|Publication number||US4328631 A|
|Application number||US 06/222,931|
|Publication date||May 11, 1982|
|Filing date||Jan 6, 1981|
|Priority date||Jan 6, 1981|
|Publication number||06222931, 222931, US 4328631 A, US 4328631A, US-A-4328631, US4328631 A, US4328631A|
|Inventors||Gerhard A. Foerster|
|Original Assignee||Pyramid Technologies, Inc.|
|Export Citation||BiBTeX, EndNote, RefMan|
|Patent Citations (10), Referenced by (4), Classifications (6), Legal Events (8)|
|External Links: USPTO, USPTO Assignment, Espacenet|
The present invention relates to card racks, particularly those of the type in which the depth of the compartments for receiving the cards is adjustable.
United States Patent Application Ser. No. 49,472, filed on June 18, 1979, now U.S. Pat. No. 4,244,129, by Foerster et al., discloses a card rack in which a stop member extends through apertures in the compartment dividers to determine the depth of the compartments. Each divider has a number of apertures aligned with those through the other dividers so that the compartment depth can be changed by changing the apertures through which the stop member extends.
The present invention is a further development of the device described in the Foerster et al. application and employs an arrangement that affords continuous, rather than discrete, adjustment of compartment depth.
The foregoing and related objects are achieved in a card-rack assembly including a pair of elongated spaced-apart side walls, each of which provides first and second longitudinally extending edges. The first and second edges lie generally in first and second substantially parallel planes, respectively. The card-rack assembly further includes means supporting the side walls in opposed, spaced relationship and a multiplicity of substantially parallel divider portions supported between the side walls at an acute angle to the common plane. The side walls and the surfaces of adjacent divider portions form card compartments, at least a plurality of which are open toward the first common plane. The card-rack assembly is thereby permitted to be mounted with the common planes extending vertically and the divider portions inclined downwardly from the first common plane toward the second common plane to permit cards to be received at the first common plane in the open card compartments.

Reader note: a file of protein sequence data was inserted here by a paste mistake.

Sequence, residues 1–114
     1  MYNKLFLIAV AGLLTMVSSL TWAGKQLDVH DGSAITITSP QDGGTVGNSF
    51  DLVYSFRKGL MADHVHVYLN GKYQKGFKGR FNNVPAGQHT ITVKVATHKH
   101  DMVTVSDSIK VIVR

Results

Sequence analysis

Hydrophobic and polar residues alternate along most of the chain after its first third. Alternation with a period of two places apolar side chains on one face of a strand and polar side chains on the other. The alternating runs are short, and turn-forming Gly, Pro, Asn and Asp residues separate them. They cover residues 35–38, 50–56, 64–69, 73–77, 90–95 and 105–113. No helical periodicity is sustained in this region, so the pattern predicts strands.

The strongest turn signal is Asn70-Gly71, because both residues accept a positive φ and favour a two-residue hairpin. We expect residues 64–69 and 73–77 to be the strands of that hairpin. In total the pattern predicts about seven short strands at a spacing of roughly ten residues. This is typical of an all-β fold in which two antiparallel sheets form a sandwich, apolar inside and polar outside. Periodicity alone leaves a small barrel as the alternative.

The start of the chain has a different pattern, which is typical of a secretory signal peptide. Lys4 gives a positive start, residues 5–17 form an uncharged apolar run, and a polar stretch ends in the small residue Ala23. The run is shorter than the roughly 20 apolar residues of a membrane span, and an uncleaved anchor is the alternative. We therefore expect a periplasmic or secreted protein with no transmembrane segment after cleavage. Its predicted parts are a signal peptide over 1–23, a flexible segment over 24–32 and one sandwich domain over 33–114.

According to the present invention, each of the divider portions has an aperture in it at least partly aligned with the apertures in the other divider portions to provide a passage extending through the compartments, and the card-rack assembly further includes an elongated stop member and means for mounting it. The stop member is disposed in the passage and extends through the compartments substantially parallel to the first common plane to limit the depth to which cards can be inserted into the compartments. The passage is of substantially greater dimension than the stop member so that substantial movement of the stop member toward and away from the first common plane is permitted. The mounting means extends between and engages opposed faces of at least a pair of adjacent divider portions. It supports the stop member in the passage to provide a compartment depth determined by the position at which the opposed faces are engaged by the mounting means. The mounting means is releasable to permit the stop member to be moved in the passage toward and away from the first common plane and is re-engageable with the opposed faces of the pair of adjacent divider portions to mount the stop member at different positions. The depth of the compartments to which cards can be inserted is thereby adjustable to any value within a limited range.
Each of the divider portions preferably includes a pair of coplanar fins extending inwardly from opposite side walls, the inner edges of the fins being spaced apart to provide the aperture in the divider portion. The stop member may include a plurality of longitudinally spaced fingers extending into the spaces between adjacent fins to prevent substantial rearward bending of the stop member under the weight of cards received in the compartments. Also, the mounting means may include mounting tabs at both ends of the stop member and a self-tapping screw associated with each mounting tab. Each mounting tab would have an aperture through which the associated self-tapping screw extends into the space between adjacent fins to engage the opposed faces of the fins with the threaded portion of the screw. In the illustrated embodiment, the compartments in which the self-tapping screws are received are closed toward the first common plane to prevent reception of cards in the compartments receiving the screws.